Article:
The GDPR documentation explains that a personal data breach occurs where a security issue leads to information about a data subject being altered, destroyed, accessed, lost or disclosed to or by unauthorised parties. The act that caused the breach doesn’t have to deliberate or illegal, though, the ICO could also investigate accidental data breaches.

One of the GDPR rules is that a data controller has to investigate when a breach is identified. They need to let any data subject who could be at risk know what information was leaked, how the breach occurred and when the event took place. They are also legally obliged to let the ICO know of their investigation.

For help starting a data breach claim, why not get in touch with our advice centre today?

How Higher Education Should Comply With The GDPR

The technical information within the GDPR is presented in quite a clear way so that it is easy for individuals or organisations to understand their roles. It is quite long though at a whopping 88-pages! Once you have defined what role you play in the handling of personal information, it is quite easy to understand your responsibilities. For example, in many cases, universities will be deemed ‘data controllers’. That means they must show that they comply with a number of principles. For instance, they must:

  • Collect for fair, obvious and, of course, legal reasons.
  • Only collect the information which is required and nothing extra.
  • Use secure and confidential data processing techniques.
  • Ensure that any stored information of a personal nature is kept up to date.
  • Never retain personal data for longer than it is required (there isn’t an actual time limit defined though).

Any data that could be used to help identify somebody is covered by the GDPR. For instance, the following could all help directly identify you: name, staff or student ID number, home address, email address or telephone number. Also, data that might indirectly identify you is covered too such as gender, sexual orientation, age or disability.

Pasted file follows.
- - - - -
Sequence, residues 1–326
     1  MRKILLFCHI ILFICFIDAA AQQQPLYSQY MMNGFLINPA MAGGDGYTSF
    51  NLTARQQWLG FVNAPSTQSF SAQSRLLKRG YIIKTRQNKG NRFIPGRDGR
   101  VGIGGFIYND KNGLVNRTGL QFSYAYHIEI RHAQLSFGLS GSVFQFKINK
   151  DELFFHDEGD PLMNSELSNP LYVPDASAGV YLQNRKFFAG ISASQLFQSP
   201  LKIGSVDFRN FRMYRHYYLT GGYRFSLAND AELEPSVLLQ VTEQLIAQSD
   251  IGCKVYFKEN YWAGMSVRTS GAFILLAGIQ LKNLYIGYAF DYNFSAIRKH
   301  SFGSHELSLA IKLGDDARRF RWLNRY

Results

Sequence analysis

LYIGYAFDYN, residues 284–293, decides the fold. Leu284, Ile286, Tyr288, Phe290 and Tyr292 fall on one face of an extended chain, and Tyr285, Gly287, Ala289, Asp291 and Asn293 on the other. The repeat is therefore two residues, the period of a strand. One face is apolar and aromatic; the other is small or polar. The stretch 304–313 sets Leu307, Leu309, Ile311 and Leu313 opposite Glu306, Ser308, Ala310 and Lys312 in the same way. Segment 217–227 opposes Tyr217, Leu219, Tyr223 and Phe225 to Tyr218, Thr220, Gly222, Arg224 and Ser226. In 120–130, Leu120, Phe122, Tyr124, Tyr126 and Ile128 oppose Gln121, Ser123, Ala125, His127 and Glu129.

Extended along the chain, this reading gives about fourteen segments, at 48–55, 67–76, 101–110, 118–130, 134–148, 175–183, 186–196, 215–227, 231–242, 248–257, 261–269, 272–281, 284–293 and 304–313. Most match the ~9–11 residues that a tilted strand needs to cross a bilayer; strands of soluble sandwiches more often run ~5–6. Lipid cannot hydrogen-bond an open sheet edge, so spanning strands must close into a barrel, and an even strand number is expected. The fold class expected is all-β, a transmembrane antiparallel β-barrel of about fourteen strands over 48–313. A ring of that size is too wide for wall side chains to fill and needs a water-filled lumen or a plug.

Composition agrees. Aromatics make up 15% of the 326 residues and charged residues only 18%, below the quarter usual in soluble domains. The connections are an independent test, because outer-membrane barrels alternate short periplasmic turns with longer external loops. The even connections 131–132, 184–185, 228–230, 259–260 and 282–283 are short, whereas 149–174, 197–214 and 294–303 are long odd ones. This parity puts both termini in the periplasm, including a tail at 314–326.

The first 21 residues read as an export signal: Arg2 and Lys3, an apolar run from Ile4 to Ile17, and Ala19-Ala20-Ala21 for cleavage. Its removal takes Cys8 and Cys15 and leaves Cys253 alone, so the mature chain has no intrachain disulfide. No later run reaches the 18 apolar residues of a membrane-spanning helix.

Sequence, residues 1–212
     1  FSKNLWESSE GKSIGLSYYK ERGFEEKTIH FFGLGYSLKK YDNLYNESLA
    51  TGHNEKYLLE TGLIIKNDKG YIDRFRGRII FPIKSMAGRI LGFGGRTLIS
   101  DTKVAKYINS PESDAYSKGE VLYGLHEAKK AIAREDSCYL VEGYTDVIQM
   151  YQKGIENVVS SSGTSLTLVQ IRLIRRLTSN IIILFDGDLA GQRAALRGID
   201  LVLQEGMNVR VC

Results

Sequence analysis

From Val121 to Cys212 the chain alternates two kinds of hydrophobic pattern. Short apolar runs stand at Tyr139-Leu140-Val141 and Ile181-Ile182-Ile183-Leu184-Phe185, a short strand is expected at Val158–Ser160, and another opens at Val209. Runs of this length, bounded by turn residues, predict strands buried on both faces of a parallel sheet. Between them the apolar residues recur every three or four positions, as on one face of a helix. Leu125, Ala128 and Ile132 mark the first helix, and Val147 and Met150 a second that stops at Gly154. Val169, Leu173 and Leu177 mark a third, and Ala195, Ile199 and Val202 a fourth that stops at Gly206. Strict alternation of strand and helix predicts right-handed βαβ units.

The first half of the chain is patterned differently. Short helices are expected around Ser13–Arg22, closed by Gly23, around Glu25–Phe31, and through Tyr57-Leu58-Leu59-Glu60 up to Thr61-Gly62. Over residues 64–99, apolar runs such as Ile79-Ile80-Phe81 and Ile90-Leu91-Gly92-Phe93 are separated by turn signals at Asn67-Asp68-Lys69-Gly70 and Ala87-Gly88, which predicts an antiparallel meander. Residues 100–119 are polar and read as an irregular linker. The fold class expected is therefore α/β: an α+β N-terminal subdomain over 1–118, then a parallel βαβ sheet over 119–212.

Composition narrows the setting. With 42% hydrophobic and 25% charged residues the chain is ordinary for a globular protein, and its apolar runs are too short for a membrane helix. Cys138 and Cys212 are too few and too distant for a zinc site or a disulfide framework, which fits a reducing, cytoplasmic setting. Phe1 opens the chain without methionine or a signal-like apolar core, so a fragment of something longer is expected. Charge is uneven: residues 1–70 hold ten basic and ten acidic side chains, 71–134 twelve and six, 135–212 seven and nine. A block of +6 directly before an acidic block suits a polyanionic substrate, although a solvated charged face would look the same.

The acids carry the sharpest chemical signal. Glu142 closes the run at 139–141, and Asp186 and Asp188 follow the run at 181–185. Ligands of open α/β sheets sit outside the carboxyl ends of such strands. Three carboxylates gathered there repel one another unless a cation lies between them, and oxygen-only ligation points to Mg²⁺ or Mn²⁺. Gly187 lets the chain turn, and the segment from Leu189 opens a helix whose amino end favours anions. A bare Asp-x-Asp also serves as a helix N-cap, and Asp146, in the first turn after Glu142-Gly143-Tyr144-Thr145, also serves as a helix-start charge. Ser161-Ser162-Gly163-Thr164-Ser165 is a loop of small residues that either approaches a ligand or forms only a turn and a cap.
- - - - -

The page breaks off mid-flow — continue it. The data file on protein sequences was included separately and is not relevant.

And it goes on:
Has The Open University Suffered A Data Breach?

At the time of writing, there are no data breaches involving the Open University listed on the ICO website. Therefore, we are going to show a case study of a breach that did affect several UK universities.

Blackbaud supplies many universities with a database system. In May 2020, the cloud-based version of the database was hacked. The company investigated and realised that some data had been illegally downloaded.

As required by the GDPR, Blackbaud informed affected customers about what had happened. In turn, the universities contacted any staff, students or alumni who may have been at risk.

However, in this case, Blackbaud decided that the best course of action was to pay a ransom demand which had been issued. In return, the hackers informed the company that the data had been destroyed.

Source article:

For help claiming with this or any other data breach, please contact one of our advisors today.

Statistics On Data Security Breaches In Higher Education

We are now going to review a study undertaken by an IT security company about data breaches in UK universities. Based on 86 responses, the report reveals that:

  • Quite alarmingly, more than half of the respondents said their university had reported data breaches to the ICO in the past 12-months (54%).
  • 46% of employees had not been offered any data security training in the last year.
  • Over a quarter said they had never employed an external firm to perform a penetration test of their IT infrastructure.